General Guideline Principles for Biopsychosocial Approach
to CRPS for workers compensation patients

The New York State workers compensation board has developed these guidelines to help physicians, podiatrists, and other healthcare professionals provide appropriate treatment for Biopsychosocial Approach to CRPS.

These Workers Compensation Board guidelines are intended to assist healthcare professionals in making decisions regarding the appropriate level of care for their patients with ankle and foot disorders.

The guidelines are not a substitute for clinical judgement or professional experience. The ultimate decision regarding care must be made by the patient in consultation with his or her healthcare provider.

Biopsychosocial Approach to CRPS of Complex Regional Pain Syndrome

Since the conventional medical design of acute injury leading to pain and tissue damage does not illustrate chronic pain syndromes, the “biopsychosocial model,” emphasizes the need to sign up for the specific interactions between living organisms, psychological, and social aspects to understand health and illness are now frequently used to explain and maintain CRPS and other chronic pain. The presence of pain in the presence of cell damage or even after healing may be explained by the central nervous system’s (CNS) variables.

The perception of and reactions to pain may be influenced by genetic factors as well. The perception and explanation of clinical symptoms and their repercussions on personal and professional lives are also influenced by psychological and social factors. Social factors may be important in treating CRPS patients since they have a significant impact on how well a person can control their pain and distress and are easier to treat after they have been identified.

Instances of acute pain (such as trauma) may be relieved temporarily by inactivity. However, inactivity causes subacute to chronic conditions to worsen, take longer to recover from and come with deconditioning.

Therefore, greater activity is advised for almost all chronic conditions that are linked to ongoing discomfort. Reduced activity restrictions to speed recovery may be acceptable for some acute pain disorders.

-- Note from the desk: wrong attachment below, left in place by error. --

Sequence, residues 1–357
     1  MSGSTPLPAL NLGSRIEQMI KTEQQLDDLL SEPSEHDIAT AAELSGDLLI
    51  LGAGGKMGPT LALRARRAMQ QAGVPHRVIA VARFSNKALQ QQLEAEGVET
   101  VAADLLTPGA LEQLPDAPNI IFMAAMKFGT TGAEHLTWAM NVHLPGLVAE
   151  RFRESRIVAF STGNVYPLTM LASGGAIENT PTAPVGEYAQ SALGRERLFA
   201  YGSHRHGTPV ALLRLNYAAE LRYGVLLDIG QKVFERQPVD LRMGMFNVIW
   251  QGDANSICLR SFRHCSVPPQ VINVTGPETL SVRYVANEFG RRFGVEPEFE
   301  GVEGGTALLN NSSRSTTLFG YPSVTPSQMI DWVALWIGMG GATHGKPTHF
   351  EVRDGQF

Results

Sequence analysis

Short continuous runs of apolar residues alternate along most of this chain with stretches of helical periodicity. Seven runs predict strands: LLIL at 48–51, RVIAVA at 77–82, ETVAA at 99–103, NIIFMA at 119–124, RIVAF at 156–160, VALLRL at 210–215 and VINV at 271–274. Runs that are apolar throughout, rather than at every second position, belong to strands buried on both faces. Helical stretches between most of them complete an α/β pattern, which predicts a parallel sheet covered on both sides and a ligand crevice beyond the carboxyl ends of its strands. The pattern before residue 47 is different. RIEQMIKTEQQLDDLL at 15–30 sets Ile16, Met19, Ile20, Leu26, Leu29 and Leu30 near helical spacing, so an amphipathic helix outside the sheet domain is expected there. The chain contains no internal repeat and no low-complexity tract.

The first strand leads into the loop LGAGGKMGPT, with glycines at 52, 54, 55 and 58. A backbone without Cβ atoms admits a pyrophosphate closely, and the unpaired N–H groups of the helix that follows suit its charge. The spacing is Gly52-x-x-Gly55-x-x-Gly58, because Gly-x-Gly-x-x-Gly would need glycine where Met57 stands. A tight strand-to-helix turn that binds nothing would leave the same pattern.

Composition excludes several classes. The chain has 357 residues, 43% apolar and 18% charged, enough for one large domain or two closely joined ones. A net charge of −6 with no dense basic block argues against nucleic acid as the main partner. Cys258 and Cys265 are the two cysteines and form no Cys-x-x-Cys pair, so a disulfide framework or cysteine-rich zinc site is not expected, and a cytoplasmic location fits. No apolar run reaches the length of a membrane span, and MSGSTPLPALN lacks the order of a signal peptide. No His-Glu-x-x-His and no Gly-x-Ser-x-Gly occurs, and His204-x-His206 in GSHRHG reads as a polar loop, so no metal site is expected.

To get back to as close to normal function as feasible, however, rehabilitation in the chronic context typically requires performing those activities that may cause the pain on a progressively increased basis. There is growing agreement that the chronic and subacute phases should start earlier and earlier with increased activity levels to prevent recovery delays.

What our office can do if you have workers compensation injuries

We have the experience to help you with their workers compensation injuries. We understand what you are going through and will meet your medical needs and follow the guidelines set by the New York State Workers Compensation Board.

We understand the importance of your workers compensation cases. Let us help you navigate through the maze of dealing with the workers compensation insurance company and your employer.

We understand that this is a stressful time for you and your family. If you would like to schedule an appointment, please contact us so we will do everything we can to make it as easy on you as possible.


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I am fellowship trained in joint replacement surgery, metabolic bone disorders, sports medicine and trauma. I specialize in total hip and knee replacements, and I have personally written most of the content on this page.

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